The new, cultural usage of the Jahrhunderthalle was introduced to the public on 21.4.1991 with a performance of the first act of the Wagner opera "Tristan and Isolde".

The Exzenterhaus


Exzenterhaus, Bochum

An 89 m high office building visible to the back of the railway station. Exzenterhaus, Bochum



Bochum Observatory derives some fame from being one of the first to detect signals from Sputnik and it has local affection precisely because it caused the name of Bochum to start being heard at the time. The founder of the observatory was Heinz Kaminski. Close to the observatory is the wooded area of Weitmarer Holz.

There is a separate planetarium close to the Stadtpark



There is a separate planetarium, close to the Stadtpark (which was the first public park in the Ruhr). Adjacent to the Stadtpark is a small zoo.

  • Rathaus

    The current Bochum Rathaus on Rathausplatz was built between 1926 and 1931. It encloses an inner court, into which a further wing projects and which carries a spire with a glockenspiel from 28 Bochum cast-steel bells (architect, Karl Roth). A huge bell, which the Bochumer Verein had exhibited at the Paris World Exhibition in 1867, is mounted in front of the Rathhaus as a memorial. The once extensive bronze decoration of the building was largely melted down for armament purposes during the Second World War. Only the bronze main portal remained (with symbolic miniature portrayals of industry and trade) as well as two fountains in the inner court: the "Fountain of Beauty" and the "Fountain of Luck".

    Zeche Hannover

    The last mine in Bochum to close, the Zeche Hannover 1/2/5, is now a museum.

    Test borings were made in 1847 and in 1856, the mine was taken over by the banker Carl Hostmann from Celle, at that time in the Kingdom of Hannover, which explains the later name. Regular working only got going from 1870.

    Two years later, Alfred Krupp acquired the installation and built it up to a "Model Mine". In 1877, the mine director Friedrich Koepe developed a new technique of extraction at the Hannover which helped to save energy: with a "Koepe-Extraction machine", the hoisting cable was not wound onto a large drum but circulated as an endless cable with the help of the force of friction. The mine remained as a pioneer in the introduction of technical innovations and, for example, replaced the pit ponies in 1892 with a system of mechanical haulage using cableways.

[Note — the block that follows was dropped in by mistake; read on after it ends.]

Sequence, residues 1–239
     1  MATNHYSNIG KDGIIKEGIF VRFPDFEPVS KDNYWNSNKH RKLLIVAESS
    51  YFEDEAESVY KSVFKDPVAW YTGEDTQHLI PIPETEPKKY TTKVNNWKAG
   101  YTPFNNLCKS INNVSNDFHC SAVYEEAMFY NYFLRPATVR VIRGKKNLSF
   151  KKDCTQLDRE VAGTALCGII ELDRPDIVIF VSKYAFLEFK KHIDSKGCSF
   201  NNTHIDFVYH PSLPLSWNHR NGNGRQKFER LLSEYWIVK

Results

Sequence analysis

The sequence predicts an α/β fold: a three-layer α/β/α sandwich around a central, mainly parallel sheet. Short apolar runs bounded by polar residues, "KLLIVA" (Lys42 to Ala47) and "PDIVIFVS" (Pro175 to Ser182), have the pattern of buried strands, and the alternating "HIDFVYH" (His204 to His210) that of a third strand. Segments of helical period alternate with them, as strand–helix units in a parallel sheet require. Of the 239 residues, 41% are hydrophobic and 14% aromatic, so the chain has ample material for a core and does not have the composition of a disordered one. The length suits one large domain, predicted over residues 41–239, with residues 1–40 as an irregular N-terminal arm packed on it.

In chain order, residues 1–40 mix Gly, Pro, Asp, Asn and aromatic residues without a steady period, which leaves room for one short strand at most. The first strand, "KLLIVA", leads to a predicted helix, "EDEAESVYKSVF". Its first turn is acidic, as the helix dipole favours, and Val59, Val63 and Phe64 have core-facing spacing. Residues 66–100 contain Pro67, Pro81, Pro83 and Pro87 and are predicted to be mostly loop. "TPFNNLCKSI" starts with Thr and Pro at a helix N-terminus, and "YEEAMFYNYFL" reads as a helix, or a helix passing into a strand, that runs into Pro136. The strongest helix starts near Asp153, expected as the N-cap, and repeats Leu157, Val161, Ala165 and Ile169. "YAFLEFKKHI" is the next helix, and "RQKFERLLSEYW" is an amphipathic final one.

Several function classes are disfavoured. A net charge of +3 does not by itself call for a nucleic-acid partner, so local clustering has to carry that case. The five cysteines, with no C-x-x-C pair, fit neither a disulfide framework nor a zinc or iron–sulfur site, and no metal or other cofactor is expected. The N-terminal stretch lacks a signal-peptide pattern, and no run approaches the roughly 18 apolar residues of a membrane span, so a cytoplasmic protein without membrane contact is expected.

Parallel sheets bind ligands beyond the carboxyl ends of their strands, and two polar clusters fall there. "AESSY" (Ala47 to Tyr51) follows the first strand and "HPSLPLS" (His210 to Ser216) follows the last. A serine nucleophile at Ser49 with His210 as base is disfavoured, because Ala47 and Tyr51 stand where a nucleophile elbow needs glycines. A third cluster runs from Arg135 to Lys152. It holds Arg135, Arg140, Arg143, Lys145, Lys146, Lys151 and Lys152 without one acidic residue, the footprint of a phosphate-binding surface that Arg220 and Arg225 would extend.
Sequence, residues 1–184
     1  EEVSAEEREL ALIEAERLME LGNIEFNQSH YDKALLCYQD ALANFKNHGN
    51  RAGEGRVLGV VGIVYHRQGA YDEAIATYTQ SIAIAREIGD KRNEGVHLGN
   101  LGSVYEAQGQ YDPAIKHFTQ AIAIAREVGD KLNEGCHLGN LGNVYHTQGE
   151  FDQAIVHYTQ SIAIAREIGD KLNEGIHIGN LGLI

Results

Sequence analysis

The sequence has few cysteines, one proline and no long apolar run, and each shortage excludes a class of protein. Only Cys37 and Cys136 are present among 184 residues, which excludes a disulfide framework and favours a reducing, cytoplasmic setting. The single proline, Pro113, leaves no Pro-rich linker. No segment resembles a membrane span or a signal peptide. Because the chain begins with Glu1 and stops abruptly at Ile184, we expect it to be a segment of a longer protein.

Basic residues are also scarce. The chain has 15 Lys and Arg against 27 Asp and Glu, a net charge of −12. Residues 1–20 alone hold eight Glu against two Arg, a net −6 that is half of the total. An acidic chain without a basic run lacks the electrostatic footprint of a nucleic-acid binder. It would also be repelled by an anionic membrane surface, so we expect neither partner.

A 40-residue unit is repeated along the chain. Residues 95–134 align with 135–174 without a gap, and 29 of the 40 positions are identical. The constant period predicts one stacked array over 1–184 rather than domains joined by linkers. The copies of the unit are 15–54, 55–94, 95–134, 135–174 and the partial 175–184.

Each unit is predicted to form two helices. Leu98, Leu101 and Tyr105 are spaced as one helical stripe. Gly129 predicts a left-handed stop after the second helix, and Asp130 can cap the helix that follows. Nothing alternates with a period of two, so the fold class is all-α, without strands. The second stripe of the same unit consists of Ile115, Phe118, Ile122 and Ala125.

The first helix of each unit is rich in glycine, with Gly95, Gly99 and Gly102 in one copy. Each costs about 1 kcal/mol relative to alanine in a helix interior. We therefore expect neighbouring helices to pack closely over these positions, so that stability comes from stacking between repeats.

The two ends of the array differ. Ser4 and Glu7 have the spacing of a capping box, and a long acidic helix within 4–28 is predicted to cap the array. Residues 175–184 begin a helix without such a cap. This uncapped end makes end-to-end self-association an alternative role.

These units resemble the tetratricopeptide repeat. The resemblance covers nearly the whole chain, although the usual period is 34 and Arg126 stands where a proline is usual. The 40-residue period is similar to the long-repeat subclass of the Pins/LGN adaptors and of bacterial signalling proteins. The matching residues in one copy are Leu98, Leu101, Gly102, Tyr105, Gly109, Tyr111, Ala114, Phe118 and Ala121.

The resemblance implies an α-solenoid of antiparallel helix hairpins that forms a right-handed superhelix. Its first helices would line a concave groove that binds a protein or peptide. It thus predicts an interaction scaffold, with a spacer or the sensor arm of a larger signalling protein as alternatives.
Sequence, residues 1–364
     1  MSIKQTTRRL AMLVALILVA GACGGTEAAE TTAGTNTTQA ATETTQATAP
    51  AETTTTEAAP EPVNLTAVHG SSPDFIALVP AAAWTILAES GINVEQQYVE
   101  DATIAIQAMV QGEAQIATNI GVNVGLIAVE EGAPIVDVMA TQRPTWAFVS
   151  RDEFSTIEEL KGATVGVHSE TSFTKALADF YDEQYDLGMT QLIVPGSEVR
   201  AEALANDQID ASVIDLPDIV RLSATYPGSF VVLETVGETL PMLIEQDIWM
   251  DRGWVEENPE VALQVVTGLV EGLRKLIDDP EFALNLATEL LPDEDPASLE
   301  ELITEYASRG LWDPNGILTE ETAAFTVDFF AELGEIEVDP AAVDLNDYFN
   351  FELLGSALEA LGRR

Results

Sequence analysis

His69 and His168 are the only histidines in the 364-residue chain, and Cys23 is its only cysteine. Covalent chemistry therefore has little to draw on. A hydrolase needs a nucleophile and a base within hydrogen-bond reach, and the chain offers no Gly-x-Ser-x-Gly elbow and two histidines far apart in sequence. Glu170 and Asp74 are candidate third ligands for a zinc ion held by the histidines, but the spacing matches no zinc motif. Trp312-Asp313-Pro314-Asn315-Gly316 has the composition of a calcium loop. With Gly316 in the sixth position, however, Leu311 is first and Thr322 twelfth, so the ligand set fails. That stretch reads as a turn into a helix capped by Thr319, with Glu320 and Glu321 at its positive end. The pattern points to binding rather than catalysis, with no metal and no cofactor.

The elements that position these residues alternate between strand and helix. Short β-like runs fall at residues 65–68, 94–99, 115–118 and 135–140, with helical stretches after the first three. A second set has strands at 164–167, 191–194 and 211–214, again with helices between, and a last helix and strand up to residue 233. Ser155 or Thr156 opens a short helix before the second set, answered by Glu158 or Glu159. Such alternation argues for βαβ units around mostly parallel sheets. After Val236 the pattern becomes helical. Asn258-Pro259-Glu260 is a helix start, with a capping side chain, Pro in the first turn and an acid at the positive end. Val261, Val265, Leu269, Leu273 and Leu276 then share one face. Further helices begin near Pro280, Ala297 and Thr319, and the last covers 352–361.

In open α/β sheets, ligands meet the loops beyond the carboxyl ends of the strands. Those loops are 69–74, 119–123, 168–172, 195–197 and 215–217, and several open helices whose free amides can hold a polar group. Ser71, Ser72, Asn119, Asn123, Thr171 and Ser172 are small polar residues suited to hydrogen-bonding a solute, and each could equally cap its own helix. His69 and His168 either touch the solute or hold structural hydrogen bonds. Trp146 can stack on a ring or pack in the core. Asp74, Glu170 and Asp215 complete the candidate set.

Hannover 1/2/5 was finally closed in 1973. During demolition of the pithead buildings, the Malakoffturm above Shaft 1 complete with its neighboring machine house as well a modest ventilation building were deliberately left alone.

    The Malakoffturm and machine house stem from 1857/58. In its architectural style with its ring of crenellations, the tower resembles the keep of a mediaeval castle. However, this is less to do with the original tradition of the German middle ages and more to do with the pseudo-mediaeval castle building of the Romantic period of the 19th century (Stolzenfels, Rheinstein, Neuschwanstein). At Hannover 1/2/5 another identical Malakoffturm originally stood on the other side of the machine house. In the middle, a very tall furnace towered over this complete ensemble. Further technical developments resulted in the furnace being torn down in 1938 and Tower 2 was replaced with a modern building of twice the height. Admittedly, a steam engine of 1893 was retained in the machine house until the very end - originally driving a drum extraction machine, which had been converted in 1913/14 to a Koepe machine. This is the oldest steam engine in a Ruhr colliery to still be standing at its original location.

    The LWL Industry Museum at the Zeche Hannover 1/2/5, will focus predominantly on the theme of migration, something that lies near to the heart for the "Schmelztiegel Ruhrgebiet" (Ruhrgebiet melting pot). Coming under consideration are not just the "Ruhr Poles" from the beginning of the 20th century, but e.g. also the refugees and expulsees after 1945, the Italian and Turkish gastarbeiters of the Wirtschaftwunder years, the asylum seekers and the immigrants from East Europe of the present time.


    The protestant church community on the Amtsstraße in Hamme still celebrates its services today in a modest dignified Notkirche of the post-war years. For the Notkirche project the building parts were pre-fabricated en masse and only put together at the required location, in modular fashion, within only a few weeks. With respect to the Bochum example the walls consist, between the angled wood binders, of the rubble of the old parish hall. The pulpit and altar were also constructed from rubble bricks.


    The Nachtigall mine is now administered by the LWL Industry Museum.